Here’s What It’s Like to Command a Fighter Squadron in Japan

The United States Navy operates aircraft carriers from bases in Washington, California, and Virginia. What most people don’t realize, however, is that it also operates a carrier and its associated carrier air wing from Japan. In another installment of our conversation with retired Commander Guy Snodgrass, we talk about his experiences commanding a Japan-based strike fighter squadron, his training experience with Japanese pilots, and living abroad.

The crown jewel of the 7th Fleet is the carrier USS Ronald Reagan, operated from its base in Yokosuka, Japan. The U.S. has homeported an aircraft carrier in Japan since the early 1970s, largely out of strategic concerns: while Atlantic Fleet-based ships can typically reach Europe in a week, aircraft carriers sailing from the continental United States need at least two weeks to reach the western Pacific Ocean. A carrier homeported in Japan ensures that one is already in the region to react to any crisis that might arise.

cmdr snodgrass squadron plane flying with japanese planes

Guy Snodgrass

Every U.S. aircraft carrier is assigned a carrier air wing to embark on deployments. Carrier Air Wing (CVW) 5, consisting of approximately 70 aircraft and 2,000 personnel, is assigned to the Ronald Reagan and is based at Marine Corps Station Iwakuni, Japan. In 2015 Commander Guy Snodgrass assumed command of one of CVW5’s four fighter squadrons, Strike Fighter Squadron 195, the “Dambusters”.

Japan is one of the United States’ closest allies. Approximately 56,000 U.S. military personnel are based in Japan, many of whom work closely with their Japanese counterparts. U.S and Japanese troops train together in one form or another every week of every year, from ship exercises in the Philippine Sea, to tank on tank engagements at Fort Lewis, Washington.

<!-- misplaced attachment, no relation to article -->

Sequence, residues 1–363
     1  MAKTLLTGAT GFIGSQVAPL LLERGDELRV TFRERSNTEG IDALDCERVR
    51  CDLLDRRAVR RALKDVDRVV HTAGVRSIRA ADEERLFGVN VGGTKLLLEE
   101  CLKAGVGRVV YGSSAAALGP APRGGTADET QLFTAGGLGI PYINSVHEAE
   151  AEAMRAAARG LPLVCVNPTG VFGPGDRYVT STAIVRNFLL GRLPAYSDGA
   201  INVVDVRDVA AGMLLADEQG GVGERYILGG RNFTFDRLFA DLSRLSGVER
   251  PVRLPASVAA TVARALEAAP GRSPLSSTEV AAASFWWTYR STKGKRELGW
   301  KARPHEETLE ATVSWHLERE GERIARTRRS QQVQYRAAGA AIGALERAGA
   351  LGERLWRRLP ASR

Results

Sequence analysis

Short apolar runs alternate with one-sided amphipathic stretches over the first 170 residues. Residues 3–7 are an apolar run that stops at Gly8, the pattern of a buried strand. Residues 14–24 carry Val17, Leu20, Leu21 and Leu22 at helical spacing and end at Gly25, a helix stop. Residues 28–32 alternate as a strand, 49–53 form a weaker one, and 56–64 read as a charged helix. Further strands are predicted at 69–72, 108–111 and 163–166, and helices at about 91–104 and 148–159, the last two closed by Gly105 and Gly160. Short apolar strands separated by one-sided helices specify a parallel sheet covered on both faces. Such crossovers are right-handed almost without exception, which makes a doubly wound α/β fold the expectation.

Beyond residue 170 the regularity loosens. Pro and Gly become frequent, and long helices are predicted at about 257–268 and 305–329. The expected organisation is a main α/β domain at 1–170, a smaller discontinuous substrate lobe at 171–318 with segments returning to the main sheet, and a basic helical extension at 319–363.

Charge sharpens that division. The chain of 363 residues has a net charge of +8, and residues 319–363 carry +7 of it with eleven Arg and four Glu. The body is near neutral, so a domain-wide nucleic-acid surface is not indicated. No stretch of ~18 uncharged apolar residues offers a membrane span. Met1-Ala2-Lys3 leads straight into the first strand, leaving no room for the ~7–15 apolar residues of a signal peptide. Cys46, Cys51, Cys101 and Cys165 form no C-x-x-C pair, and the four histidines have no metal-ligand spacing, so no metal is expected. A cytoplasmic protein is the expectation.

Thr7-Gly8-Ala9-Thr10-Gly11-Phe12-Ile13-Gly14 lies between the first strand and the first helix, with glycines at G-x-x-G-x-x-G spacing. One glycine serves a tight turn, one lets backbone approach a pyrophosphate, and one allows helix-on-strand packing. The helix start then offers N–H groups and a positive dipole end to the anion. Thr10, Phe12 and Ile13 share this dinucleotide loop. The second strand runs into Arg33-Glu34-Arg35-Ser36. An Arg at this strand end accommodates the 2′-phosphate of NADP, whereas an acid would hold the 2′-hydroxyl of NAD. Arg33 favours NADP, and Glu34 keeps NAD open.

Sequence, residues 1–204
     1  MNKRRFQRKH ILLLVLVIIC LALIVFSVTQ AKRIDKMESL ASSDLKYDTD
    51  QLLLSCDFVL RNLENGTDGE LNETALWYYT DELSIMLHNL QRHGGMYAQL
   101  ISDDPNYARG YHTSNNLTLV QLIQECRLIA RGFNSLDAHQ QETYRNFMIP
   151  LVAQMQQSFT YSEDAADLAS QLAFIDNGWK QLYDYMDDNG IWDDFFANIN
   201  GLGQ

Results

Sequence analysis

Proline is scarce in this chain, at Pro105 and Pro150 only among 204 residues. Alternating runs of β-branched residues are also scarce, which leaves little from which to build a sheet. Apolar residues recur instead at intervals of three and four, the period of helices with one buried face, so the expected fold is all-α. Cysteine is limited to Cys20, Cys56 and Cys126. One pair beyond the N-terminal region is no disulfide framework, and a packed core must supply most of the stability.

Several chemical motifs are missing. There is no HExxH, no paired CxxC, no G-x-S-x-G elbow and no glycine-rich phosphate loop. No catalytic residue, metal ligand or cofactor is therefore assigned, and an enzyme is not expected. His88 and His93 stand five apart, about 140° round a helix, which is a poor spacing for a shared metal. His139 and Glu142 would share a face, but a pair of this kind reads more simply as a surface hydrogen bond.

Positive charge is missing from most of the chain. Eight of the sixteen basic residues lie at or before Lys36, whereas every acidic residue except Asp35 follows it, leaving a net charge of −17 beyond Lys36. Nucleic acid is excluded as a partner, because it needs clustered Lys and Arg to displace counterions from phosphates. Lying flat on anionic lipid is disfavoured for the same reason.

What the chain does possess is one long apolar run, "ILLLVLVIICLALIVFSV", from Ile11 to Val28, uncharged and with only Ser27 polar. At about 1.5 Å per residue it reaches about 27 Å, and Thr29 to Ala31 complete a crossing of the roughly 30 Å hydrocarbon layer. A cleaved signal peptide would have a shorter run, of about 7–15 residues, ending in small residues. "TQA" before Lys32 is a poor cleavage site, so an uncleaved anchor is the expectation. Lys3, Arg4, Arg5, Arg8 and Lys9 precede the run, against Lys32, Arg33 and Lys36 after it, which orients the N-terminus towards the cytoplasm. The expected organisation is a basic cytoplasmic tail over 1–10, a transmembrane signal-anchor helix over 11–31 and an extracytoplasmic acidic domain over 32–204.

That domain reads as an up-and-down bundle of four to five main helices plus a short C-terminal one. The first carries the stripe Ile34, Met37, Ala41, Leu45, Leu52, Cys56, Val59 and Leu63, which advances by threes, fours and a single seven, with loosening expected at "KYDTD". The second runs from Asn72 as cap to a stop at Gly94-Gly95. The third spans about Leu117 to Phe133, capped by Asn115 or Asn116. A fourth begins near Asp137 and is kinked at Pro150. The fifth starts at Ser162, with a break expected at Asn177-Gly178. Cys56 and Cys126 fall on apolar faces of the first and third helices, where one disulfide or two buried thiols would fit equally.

Many U.S. forces are co-located at Japanese bases. During the time Snodgrass’ commanded VFA-195, CVW-5 was located at Naval Air Station Atsugi. Snodgrass discusses how his fighter pilots shared the same base as Japanese fighter pilots but the two groups never actually met, even informally, to discuss how they might fight together in wartime. Seeing an obvious need, Snodgrass formed a benkyoukai, or study association, where U.S. and Japanese aircrews met to discuss their planes, tactics, and other details.

Snodgrass also talks about Japan’s strategic situation, which finds it surrounded by aggressive states such as Russia, China, and North Korea. He also mentions his time living in Japan and traveling throughout the country, meeting its people, and flying over—but not climbing—UNESCO heritage site Mount Fuji, a dormant volcano and, for many, a symbol of Japan.

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